Purpose: This study aims to characterize several wine consumer segments who were “likely” to sample (i.e. taste before purchasing) wine from vineyards using cover crops, a sustainable production practice that reduces herbicide applications, and identify those with a greater probability of being a viable target market based on survey responses. Design/methodology/approach: A total of 956 wine consumers from the Mid-Atlantic and boarding US states were separated into segments based on an ECHAID (exhaustive Chi-square automatic interaction detector) classification tree from internet survey responses. Findings: Out of the 12 created segments, 6 (n = 530, 72% of training data) contained participants who were at least 1.02 times (index score =102%) more “likely” to try the wine compared to the overall sample and were willing to pay $18.99 for a 750-mL bottle of the wine, which included a $1 surcharge to cover associated production costs. Of these, three (n = 195, 26%) had the greatest potential for which a marketing plan could be developed (index scores of 109%–121%), with over half in each segment willing to pay $20.99 for the bottle of wine, which could motivate growers to consider implementing this sustainable strategy. Originality/value: Although several segments of participants were “likely” to sample the sustainably produced wine, an ECHAID classification tree allowed us to identify participants who would not pay $18.99 for a 750-mL bottle of wine, even after learning about the use of cover crops and the trade-off ($1 bottle surcharge). By narrowing the number of potential “likely” segments to those with a greater potential of sampling the wine, more purposeful marketing strategies can be developed based on demographics, attitudes, and behaviors defined in the model.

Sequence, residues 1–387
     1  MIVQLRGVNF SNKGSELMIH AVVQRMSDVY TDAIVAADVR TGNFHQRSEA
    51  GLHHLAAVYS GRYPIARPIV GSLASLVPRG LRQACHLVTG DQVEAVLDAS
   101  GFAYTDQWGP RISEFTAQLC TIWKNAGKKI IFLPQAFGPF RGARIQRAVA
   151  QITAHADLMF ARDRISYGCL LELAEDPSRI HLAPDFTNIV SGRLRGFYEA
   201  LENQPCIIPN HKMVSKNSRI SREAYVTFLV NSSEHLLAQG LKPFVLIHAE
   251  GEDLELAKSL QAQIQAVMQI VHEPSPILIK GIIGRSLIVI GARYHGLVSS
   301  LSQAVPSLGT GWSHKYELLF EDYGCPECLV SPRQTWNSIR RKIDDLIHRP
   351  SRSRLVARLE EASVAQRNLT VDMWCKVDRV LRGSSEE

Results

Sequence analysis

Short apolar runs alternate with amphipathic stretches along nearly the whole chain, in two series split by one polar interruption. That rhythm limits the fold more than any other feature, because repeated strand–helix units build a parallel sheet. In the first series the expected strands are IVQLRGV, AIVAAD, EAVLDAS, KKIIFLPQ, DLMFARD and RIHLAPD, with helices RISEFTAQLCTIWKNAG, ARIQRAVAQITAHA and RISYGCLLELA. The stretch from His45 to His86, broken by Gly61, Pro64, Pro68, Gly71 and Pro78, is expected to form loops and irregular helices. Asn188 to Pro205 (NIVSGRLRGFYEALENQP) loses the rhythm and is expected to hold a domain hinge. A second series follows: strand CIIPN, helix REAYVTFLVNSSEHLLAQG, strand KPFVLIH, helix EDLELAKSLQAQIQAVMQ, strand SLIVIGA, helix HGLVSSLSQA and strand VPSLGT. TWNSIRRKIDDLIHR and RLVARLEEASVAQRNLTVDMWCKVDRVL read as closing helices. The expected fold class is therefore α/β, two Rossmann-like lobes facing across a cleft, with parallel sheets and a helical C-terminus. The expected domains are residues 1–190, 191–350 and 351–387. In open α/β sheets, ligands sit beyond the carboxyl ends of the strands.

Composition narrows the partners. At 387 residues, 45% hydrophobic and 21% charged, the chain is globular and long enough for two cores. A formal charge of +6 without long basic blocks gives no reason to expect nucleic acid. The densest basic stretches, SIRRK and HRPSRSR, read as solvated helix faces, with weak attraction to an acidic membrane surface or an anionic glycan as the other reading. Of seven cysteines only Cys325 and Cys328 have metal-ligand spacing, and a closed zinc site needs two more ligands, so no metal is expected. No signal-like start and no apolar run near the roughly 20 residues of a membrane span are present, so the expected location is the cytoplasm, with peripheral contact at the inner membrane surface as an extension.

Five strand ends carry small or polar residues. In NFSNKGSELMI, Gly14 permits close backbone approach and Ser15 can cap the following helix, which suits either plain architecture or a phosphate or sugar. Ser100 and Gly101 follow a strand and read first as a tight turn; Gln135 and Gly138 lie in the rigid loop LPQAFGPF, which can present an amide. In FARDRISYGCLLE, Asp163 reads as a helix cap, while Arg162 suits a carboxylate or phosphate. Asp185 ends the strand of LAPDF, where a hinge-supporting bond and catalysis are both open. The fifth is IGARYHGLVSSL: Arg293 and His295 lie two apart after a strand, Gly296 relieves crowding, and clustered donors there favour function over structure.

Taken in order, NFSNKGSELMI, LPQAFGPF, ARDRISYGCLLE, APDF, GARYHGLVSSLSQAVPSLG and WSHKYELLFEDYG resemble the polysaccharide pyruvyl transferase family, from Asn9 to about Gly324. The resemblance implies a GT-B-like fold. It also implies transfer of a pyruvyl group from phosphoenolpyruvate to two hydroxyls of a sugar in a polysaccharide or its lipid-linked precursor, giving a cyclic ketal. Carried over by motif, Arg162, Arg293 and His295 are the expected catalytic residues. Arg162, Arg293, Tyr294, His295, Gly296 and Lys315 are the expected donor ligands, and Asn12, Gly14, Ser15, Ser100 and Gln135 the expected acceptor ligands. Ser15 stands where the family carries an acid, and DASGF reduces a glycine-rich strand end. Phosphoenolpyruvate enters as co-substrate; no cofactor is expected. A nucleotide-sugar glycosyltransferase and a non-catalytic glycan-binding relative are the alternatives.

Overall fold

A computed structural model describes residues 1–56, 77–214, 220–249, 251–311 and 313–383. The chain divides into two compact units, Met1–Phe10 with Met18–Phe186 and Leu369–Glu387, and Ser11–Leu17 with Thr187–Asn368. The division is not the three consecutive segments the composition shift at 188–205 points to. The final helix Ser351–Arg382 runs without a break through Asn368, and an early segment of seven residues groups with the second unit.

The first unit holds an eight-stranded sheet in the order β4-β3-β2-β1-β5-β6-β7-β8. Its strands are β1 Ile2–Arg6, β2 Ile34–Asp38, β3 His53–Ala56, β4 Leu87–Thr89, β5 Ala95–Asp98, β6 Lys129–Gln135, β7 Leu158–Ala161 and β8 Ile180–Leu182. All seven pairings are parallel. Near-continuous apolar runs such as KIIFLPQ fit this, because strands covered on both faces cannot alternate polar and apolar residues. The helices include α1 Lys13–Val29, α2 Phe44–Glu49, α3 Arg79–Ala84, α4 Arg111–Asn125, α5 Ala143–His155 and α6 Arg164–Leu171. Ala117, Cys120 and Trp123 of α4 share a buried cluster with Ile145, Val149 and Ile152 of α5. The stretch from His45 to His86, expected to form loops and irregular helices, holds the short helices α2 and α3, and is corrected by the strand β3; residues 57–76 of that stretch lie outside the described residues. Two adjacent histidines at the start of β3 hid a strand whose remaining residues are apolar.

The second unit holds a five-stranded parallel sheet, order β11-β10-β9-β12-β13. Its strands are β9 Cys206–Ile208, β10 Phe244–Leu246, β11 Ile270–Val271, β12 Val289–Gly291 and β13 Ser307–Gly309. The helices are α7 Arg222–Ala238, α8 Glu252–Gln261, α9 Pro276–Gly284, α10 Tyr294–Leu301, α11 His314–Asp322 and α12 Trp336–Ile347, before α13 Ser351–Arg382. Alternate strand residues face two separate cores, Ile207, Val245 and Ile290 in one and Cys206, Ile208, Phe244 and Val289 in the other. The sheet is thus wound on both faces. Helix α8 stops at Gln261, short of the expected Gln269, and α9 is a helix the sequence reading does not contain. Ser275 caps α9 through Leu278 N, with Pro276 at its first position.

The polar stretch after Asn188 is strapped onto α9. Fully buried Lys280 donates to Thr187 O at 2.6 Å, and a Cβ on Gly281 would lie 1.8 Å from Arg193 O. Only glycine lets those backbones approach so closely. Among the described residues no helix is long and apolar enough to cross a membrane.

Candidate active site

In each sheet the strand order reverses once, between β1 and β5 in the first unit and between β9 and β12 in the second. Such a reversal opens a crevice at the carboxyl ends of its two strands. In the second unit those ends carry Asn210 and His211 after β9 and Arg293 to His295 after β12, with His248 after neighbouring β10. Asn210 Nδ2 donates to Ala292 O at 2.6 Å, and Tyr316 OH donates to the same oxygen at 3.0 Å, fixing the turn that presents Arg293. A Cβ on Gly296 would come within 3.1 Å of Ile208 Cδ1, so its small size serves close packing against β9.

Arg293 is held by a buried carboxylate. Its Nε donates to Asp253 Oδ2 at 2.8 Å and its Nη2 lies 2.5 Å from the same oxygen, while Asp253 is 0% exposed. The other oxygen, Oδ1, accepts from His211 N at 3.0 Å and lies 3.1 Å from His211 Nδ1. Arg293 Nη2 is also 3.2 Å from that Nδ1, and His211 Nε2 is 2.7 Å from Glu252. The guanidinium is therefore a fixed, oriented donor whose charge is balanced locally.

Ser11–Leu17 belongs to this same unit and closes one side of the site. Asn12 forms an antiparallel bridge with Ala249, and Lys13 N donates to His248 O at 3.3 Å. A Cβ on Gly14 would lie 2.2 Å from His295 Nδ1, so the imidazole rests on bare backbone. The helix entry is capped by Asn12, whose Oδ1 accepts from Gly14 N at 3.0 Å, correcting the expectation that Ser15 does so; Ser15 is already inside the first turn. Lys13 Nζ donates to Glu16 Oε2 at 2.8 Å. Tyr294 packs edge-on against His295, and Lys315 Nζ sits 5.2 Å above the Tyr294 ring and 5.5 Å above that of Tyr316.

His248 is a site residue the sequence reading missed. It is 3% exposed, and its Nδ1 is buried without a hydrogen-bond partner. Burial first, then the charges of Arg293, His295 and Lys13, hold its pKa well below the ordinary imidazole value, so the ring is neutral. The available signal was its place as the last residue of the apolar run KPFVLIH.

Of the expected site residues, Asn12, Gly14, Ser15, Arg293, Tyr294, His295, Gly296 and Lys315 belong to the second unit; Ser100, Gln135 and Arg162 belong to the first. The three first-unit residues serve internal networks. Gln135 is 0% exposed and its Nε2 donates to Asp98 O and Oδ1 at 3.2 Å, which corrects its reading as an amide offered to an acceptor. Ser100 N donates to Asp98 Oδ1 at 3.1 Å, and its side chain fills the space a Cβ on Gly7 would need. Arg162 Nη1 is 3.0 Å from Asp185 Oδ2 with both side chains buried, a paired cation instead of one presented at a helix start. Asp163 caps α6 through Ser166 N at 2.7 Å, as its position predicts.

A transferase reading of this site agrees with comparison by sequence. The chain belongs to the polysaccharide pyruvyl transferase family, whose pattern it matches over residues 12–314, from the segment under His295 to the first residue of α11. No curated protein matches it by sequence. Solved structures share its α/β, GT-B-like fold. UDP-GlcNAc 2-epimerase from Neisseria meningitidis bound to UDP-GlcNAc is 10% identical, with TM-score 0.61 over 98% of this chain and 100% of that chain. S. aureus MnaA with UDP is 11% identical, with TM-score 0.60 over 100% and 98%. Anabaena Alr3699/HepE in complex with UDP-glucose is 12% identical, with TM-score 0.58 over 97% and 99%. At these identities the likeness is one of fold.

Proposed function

All Science Journal Classification (ASJC) codes
- Business, Management and Accounting(all)